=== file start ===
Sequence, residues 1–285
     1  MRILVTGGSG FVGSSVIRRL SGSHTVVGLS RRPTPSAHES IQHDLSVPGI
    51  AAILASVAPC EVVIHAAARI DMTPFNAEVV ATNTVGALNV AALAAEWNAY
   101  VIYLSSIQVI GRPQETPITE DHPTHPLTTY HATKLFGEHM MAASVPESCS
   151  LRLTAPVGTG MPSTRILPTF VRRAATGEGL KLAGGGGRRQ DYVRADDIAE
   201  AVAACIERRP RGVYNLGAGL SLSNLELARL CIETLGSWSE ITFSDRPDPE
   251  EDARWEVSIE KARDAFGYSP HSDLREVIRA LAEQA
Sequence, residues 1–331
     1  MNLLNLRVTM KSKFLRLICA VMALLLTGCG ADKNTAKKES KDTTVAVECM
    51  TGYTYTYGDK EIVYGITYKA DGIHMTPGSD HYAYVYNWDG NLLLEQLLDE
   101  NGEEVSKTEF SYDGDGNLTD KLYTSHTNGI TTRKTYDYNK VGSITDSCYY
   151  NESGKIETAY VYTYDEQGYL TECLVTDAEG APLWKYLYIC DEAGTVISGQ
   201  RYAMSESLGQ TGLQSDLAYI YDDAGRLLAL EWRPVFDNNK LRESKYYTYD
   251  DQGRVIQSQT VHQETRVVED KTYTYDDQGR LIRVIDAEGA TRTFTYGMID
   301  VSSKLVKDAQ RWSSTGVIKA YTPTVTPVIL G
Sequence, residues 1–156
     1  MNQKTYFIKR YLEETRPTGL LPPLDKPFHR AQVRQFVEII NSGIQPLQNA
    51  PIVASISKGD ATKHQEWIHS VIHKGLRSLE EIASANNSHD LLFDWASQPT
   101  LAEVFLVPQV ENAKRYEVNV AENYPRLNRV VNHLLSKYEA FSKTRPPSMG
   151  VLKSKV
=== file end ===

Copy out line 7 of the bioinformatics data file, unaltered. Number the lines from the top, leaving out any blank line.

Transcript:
   251  EDARWEVSIE KARDAFGYSP HSDLREVIRA LAEQA